It is possible to apply the “no break” attribute using the FindChangeByList script in InDesign.
Continue reading “No Break using InDesign’s FindChangeByList script”
Sometimes accents in supplied text are a mess: they aren’t there when they should be or are when they shouldn’t. This can cause the multilingual typesetter problems when making global changes to existing setting.
If you ever find yourself doing multiple InDesign Find/Changes to pick up variants in the use of accents, then this tip is for you. Continue reading “Cutting through the accent”
There are some questions that come up again and again when typesetters and designers who are used to working with Roman fonts start to tackle Chinese typesetting. One perennial issue, which crops up even in professional fonts which supply several weights, is why are there no oblique cuts?
The short answer is because it’s bad and it’s wrong. Find some other way to emphasis or pick out text (or cheat and do it anyway – see the conclusion below).
Continue reading “Chinese Italics: where are the Oblique Chinese fonts?”
Chinese is a global language of increasing importance. The population of China is over 1.3 billion, and the number of Chinese internet users has been predicted to have topped 550 million by the end of 2011. Yet Chinese typesetting engenders some unique challenges for those more used to European languages.
Continue reading “Chinese typesetting basics”
Not all languages share the same numerals; something it can be importantly to remember from the start of the design process. A page design that plays on the shape of a number might fall apart when typeset in a foreign language.
First, what we all have in common. Whatever language we speak, we all count. Quantities matter. The vast majority of languages have separate words for particular amounts.
Many of these use the same symbols for these amounts as we do in English. The French might say “dix” when the English say “ten”, but we both write “10”.
But many languages do not use the same symbols. Continue reading “Numbers in Different Languages: Typesetting Multilingual Numerals”
Greek demonstrator protects herself against tear gas
Pic: Ggia via Wikimedia Commons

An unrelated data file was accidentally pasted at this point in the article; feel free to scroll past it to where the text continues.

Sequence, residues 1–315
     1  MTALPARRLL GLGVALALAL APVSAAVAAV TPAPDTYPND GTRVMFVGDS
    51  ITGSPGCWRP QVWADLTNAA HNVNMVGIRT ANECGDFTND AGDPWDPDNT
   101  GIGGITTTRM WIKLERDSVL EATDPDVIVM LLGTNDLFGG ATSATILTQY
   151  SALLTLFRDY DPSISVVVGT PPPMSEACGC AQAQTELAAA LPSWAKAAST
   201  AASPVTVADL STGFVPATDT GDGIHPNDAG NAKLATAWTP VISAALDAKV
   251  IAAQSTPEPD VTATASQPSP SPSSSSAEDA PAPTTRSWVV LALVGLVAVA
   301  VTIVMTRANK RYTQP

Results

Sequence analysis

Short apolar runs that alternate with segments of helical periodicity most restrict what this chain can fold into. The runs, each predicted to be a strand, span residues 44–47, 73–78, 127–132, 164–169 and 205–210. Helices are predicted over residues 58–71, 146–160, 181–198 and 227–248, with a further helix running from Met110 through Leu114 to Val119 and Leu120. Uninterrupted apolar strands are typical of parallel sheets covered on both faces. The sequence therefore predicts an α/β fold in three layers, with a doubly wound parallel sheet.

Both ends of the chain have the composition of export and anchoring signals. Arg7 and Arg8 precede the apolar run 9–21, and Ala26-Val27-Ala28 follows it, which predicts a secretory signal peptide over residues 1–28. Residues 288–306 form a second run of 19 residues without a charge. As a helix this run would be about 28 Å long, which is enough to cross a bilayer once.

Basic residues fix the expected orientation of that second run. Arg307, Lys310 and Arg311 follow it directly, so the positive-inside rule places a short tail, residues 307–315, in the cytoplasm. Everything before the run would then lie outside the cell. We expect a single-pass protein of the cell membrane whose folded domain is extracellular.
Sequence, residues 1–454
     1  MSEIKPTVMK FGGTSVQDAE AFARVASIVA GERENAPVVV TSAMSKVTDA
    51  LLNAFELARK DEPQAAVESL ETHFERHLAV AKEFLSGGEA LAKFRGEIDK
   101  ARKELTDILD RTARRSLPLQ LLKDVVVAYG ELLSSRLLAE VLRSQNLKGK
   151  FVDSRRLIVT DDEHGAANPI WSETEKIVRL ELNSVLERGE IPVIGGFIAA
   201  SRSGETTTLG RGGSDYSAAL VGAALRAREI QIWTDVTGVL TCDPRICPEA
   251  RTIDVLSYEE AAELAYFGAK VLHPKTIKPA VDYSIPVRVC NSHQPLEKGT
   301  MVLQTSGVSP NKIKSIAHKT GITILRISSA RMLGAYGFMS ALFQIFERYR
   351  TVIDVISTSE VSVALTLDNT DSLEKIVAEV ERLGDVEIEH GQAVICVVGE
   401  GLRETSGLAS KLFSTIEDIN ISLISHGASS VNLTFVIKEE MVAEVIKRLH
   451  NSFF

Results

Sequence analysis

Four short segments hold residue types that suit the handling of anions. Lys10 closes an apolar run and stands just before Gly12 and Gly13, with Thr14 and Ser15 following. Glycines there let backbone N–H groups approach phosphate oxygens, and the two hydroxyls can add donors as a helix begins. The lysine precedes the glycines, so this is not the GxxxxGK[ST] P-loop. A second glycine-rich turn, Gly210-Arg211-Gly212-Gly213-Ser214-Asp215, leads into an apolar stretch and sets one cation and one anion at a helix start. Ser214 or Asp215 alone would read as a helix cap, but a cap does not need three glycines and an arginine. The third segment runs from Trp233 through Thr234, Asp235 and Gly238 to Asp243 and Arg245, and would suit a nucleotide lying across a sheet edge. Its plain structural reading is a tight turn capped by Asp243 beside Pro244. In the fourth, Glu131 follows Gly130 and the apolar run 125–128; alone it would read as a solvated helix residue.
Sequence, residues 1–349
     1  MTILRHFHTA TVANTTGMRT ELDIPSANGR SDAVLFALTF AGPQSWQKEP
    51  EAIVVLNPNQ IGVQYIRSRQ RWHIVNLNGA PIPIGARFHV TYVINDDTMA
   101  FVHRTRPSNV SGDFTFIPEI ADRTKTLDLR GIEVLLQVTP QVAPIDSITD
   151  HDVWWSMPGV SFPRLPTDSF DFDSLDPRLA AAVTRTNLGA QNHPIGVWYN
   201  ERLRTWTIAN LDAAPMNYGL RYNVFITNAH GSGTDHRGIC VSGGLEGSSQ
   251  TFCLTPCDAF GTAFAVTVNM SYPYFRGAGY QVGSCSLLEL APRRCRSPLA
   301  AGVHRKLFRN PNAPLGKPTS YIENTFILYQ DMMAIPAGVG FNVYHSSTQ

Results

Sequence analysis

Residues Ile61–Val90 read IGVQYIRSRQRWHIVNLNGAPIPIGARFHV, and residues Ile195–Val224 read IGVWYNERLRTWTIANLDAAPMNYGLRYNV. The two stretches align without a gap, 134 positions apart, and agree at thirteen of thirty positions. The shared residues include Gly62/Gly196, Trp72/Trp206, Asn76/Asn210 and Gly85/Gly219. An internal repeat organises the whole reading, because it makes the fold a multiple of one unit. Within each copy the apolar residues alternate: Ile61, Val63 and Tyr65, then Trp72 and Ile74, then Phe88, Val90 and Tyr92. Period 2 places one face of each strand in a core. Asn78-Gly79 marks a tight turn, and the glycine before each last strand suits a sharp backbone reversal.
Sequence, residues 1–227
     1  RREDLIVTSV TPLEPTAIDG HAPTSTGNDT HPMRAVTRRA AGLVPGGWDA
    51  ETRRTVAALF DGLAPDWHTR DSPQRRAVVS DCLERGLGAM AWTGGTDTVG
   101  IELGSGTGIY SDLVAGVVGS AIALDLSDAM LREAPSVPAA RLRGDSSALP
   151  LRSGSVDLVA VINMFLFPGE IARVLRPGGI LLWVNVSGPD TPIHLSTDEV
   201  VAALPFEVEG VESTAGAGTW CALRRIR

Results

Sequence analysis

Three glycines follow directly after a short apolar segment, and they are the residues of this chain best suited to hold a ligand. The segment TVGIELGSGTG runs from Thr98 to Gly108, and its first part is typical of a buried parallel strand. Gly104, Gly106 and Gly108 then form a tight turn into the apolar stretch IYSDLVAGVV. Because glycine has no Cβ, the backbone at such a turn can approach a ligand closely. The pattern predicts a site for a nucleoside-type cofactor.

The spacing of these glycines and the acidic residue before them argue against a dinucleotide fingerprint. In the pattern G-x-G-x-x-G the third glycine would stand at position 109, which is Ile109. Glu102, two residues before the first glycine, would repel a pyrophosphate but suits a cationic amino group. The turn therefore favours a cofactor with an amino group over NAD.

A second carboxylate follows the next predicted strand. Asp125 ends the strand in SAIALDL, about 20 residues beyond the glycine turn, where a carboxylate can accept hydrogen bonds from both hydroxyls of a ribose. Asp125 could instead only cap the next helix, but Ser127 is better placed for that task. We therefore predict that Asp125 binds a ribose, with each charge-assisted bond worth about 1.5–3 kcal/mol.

Greece has been prominent in the news for all the wrong reasons for a year or two. But whether you need to typeset an instruction manual or a protest banner (!), there are some issues in Greek typesetting to be aware of.
Continue reading “Greek typesetting without the tears”
Which languages should be present in a multilingual publication? In short, it depends on the publication, its budget and target audience. But there are some foreign languages that crop up again and again that will always get used in winning multilingual publications.
Continue reading “Selecting languages for multilingual documents”
Do I want to turn my workhorse tower Mac into a glorified iPad? Usually a new Mac OS is a cause for celebration in my household, but this question was the resoundingly downbeat response to Lion.
Apple has been pushing Lion, telling us it will “change the way you use a computer”. Well, that rather depends what you want to do with it.
Continue reading “Not sticking my head in the Lion’s mouth… yet”
Two different forms of numerals exist in Arabic text. You can write precisely the same number using either of the two systems of numerals. This means you can use either Arabic numerals or Hindi numerals to write numbers in Arabic typesetting. But what’s the difference and which is best to use?
Continue reading “Numbers in Arabic: Hindi numerals or Arabic numerals?”
In one of those fortune happenstances that make London great, I stumbled on this window display of Arabic packaging.
Continue reading “Arabic Typesetting as Art”